As it happens, great and medically proven cures for all of the above conditions are exercise and good all round nutrition; as nearly all our personal trainers in London and the Thames Valley are pre and post natal qualified at REPS level 3 we can really really help to get you back into shape both mentally and physically after your big day. There are many myths about pre and post natal personal training/exercise but the truth of the matter is that provided that you had a normal birth, you can start doing some gentle personal training nearly straight away; how do you think those stars get their figures back so quickly? Similarly, pre-natal training can go right up to the birth, and be reasonably challenging, provided that you have a good level of fitness going into the pregnancy. My own personal trainer client in Holyport is booked in to have a C-section on Thursday, and has not mised a session during the 2nd and 3rd trimester, and is due to train tomorrow (yes, the day before!!) provided that she does not chicken out! As a result her legs/arms/shoulders are still very trim and she will find it much easier after the birth to get back to where she was before it, having a speedier and less traumatic recovery.
Those of you who read the Telegraph on Sunday may have read the article in the magazine on celebrity personal trainers in LA and how they have become as important as publicists, lawyers and managers to many A-listers. It also went on to discuss the history of personal training and the rise of personal trainers from those who trained Charlton Heston in Ben Hur through the emergence of trainers at muscle beach in LA right up to the modern day and the popularity of personal trainers. One of the most interesting bits of the piece was that the backlash to the excesses of the 60’s and 70’s was that in the 80’s it became socially acceptable to have a buff body and to be seen to be working towards this goal, as seen in the rise of starts like Jane Fonda and her fitness videos.
The moral of the story here is that if it works for the stars it can really work for you too, particularly as we don’t charge celebrity rates at Diets Don’t Work. Nearly all the training and nutritional methods we use are identical to those Hollywood A-list trainers, and as Halle Berry will confess, with a bit of hard work and sensible eating it really does work! If you get the chance read the article or have a look for it on the Telegraph web site.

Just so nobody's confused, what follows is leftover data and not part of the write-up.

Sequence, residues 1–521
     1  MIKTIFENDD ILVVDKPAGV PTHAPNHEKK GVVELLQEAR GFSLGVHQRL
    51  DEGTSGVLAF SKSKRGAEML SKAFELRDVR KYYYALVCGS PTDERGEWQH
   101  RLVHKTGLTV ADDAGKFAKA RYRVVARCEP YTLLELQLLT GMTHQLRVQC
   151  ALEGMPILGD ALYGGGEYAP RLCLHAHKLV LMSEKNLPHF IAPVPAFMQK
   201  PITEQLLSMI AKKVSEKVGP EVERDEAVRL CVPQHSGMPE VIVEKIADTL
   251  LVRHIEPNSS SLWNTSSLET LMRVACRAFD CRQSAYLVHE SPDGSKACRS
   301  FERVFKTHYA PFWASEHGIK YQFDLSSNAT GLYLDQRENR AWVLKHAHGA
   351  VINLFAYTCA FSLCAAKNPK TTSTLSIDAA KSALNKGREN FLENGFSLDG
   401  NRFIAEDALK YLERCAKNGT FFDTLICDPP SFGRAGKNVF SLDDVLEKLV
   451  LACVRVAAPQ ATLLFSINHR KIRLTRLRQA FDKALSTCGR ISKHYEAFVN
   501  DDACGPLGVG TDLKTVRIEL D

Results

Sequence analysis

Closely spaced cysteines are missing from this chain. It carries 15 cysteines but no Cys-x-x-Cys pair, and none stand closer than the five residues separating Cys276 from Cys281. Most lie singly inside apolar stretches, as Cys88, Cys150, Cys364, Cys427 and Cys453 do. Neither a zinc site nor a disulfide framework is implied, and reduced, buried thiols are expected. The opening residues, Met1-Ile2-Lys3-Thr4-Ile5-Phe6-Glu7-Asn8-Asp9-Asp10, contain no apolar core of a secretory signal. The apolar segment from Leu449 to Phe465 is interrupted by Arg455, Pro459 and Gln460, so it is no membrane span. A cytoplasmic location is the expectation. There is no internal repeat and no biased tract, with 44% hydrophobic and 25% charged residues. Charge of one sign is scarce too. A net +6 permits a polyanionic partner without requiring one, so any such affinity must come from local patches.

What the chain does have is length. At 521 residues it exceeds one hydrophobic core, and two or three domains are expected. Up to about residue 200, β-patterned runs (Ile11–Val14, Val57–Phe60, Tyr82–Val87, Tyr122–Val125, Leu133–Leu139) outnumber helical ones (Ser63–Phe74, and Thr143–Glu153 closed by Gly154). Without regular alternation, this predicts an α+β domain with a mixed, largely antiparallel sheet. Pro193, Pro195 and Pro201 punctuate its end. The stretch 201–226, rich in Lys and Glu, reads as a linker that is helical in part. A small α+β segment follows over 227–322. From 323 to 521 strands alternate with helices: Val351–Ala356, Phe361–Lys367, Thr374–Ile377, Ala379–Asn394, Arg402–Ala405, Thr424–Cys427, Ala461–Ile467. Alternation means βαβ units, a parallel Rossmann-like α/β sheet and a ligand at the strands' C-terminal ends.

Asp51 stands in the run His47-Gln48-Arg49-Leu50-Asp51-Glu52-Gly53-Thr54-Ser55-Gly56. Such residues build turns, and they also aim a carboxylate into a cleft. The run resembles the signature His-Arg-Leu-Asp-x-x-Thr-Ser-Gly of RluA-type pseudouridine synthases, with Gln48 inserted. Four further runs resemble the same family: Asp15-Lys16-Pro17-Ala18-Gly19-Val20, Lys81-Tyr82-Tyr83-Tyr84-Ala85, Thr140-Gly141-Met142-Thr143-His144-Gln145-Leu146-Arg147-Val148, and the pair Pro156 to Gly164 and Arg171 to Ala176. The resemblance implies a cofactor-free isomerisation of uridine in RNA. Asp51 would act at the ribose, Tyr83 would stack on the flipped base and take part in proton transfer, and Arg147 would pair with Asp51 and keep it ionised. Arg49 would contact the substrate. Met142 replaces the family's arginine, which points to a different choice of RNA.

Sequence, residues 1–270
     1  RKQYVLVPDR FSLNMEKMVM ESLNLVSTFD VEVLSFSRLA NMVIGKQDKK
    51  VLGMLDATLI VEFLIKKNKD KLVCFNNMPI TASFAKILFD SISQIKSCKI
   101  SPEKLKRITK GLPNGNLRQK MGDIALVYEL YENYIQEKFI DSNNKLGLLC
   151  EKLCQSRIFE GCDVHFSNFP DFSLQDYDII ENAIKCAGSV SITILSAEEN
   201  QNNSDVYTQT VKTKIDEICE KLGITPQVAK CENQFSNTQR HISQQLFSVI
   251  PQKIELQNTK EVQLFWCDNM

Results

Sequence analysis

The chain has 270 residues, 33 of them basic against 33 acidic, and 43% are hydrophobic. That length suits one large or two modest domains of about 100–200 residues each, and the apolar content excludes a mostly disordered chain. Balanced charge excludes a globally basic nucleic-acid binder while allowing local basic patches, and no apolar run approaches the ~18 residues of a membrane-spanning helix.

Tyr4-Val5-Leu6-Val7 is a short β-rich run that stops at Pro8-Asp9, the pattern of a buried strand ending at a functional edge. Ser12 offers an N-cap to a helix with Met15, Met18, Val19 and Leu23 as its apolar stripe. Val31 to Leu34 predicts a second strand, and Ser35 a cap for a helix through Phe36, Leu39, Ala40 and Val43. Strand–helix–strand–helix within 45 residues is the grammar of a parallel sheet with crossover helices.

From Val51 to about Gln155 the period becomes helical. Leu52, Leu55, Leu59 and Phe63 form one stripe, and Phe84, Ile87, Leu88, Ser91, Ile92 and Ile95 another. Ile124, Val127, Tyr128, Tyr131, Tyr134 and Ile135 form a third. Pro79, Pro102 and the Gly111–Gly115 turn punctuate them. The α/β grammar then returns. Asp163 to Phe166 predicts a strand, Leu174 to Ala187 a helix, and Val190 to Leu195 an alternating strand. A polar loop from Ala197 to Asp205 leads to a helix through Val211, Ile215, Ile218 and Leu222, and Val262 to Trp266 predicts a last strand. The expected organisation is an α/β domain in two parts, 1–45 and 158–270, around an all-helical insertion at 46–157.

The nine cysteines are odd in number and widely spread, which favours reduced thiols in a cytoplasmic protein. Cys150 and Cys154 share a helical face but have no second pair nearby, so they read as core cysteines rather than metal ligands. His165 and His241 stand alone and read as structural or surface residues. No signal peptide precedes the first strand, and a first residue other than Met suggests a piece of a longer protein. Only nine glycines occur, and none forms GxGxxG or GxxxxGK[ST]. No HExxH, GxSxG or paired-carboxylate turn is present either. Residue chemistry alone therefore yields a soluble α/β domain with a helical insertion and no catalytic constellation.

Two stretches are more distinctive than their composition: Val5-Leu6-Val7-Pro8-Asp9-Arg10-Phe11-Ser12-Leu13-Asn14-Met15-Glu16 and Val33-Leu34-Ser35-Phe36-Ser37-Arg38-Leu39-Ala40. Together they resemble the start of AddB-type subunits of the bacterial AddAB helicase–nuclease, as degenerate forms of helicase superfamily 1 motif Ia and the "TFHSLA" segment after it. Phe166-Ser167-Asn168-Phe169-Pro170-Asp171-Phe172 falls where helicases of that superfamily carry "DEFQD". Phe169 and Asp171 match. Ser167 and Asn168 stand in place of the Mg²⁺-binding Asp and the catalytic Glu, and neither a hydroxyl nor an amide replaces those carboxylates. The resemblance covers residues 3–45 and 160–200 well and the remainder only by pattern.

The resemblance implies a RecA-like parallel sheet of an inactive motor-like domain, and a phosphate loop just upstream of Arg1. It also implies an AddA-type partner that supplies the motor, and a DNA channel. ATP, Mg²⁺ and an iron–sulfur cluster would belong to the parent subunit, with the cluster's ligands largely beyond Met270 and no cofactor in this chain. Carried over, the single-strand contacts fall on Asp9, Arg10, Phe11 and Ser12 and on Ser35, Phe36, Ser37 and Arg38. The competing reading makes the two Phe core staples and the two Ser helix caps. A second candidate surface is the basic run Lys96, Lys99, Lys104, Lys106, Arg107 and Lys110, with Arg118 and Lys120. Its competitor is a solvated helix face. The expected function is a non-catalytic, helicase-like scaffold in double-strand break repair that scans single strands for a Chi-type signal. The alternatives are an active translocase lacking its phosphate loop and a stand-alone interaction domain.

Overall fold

So today is my Birthday, and I’ve still been out in the ice making certain personal training clients who shall remain nameless run up and down a lovely hill in Swinely forest. I am 38 today,(don’t tell), but due to the balanced exercise/nutrition/relaxing time that I have stick to I of course look at least 10 years younger! My dad says that we are from young stock ha ha!
For the first time this year I have written down some good things that I have done in this 37th year, here they are:
1-Learned how to kitesurf.
2-Improved my 2000m time on the concept 2 rower from 6:56 to 6:48, not bad for someone with very short legs who was called a pit pony yesterday.
3-Gone up 6 rankings in my squash club and broken into the 2nd team.
Having done these things I have finally come to the verdict that practice actually does work. In rowing I downloaded a 2k training programme from concept 2, and actually did most of the rows over a 3 month period. Low and behold, it worked, nearly 10 seconds is a big deal over 2k. In squash I had some coaching, and then practiced the drills given on my own 3 times a week for 25 minutes each. It worked! So if there is something that you have always wanted to do or get good at just give it a try; the correct type of practice is important, so instead of half hartedly going through something, really focus and practice well. It’s better to practice well for 10 minutes than to practice poorly for an hour. The same is true of the gym and exercise in general-it’s the quality that matters more than the quantity. I’ve always ben the “practice won’t make a diference” type of person, but now that I’ve actualy tried it I can really vouch for it. Try also to do a small list of good things that you’ve done in the year on your birthday-even if it’s just small things like finally cleaning out the shed, it’s still an achievement. Go for it. Thanks for reading all my blogs, call if you want to get fitter and lose weight, I will do my personal training upmost for you.
Adam & The DDW! team.
We have had lots of enquiries this month about our personal training programmes for weight loss especially from the Clapham, Battersea and Wandsworth areas. Quite a few of these enquiries have made the smart decision to take up out guarantee that if you apply our achievable nutritional advice and attend all your sessions you will get smaller and lighter; welcome to these new clients, I know some of you are a bit nervous about starting personal training, but we won’t kill you (not at first, anyway!) it’s just a matter of finding your level and then challenging you from there in step by step progressions. It does have to be hard, remember that the body will only adapt and change when stresses (overload) are placed on it, but this progress can be gradual, you don’t have to bust a gut straight away.
Good luck to all those new clients, be confident, personal training really does work!